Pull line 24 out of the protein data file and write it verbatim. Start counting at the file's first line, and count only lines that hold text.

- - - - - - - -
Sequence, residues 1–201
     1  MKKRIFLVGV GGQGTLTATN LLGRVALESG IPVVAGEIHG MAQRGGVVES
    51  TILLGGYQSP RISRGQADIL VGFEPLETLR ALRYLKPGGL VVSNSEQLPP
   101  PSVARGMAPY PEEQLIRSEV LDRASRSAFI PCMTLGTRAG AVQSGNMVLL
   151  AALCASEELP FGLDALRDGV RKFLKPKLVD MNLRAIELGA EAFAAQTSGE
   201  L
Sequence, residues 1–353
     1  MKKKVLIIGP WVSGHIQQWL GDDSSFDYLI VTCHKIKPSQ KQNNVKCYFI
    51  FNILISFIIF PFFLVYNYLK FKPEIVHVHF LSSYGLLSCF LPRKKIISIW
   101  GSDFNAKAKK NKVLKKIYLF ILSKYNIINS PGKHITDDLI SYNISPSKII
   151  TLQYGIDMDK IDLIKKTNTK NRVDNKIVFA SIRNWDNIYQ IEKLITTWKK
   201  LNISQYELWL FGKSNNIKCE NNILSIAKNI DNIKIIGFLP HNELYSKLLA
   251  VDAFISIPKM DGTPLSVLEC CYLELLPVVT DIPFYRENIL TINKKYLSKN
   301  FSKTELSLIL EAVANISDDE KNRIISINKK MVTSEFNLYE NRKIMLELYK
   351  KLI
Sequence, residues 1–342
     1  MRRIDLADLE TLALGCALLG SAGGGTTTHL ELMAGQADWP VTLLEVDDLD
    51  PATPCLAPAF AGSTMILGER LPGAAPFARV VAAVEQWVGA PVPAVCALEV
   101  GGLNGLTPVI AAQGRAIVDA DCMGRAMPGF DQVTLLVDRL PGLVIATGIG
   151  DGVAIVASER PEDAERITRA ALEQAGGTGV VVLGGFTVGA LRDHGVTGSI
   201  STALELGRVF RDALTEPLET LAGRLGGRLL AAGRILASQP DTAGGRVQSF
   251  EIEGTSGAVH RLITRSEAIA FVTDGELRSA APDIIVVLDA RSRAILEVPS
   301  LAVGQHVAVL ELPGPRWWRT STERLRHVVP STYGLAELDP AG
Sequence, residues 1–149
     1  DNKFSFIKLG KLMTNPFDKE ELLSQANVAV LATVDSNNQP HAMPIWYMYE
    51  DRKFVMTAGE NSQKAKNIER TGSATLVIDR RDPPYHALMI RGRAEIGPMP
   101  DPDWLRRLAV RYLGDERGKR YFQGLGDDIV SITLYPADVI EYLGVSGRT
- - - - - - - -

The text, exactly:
Sequence, residues 1–149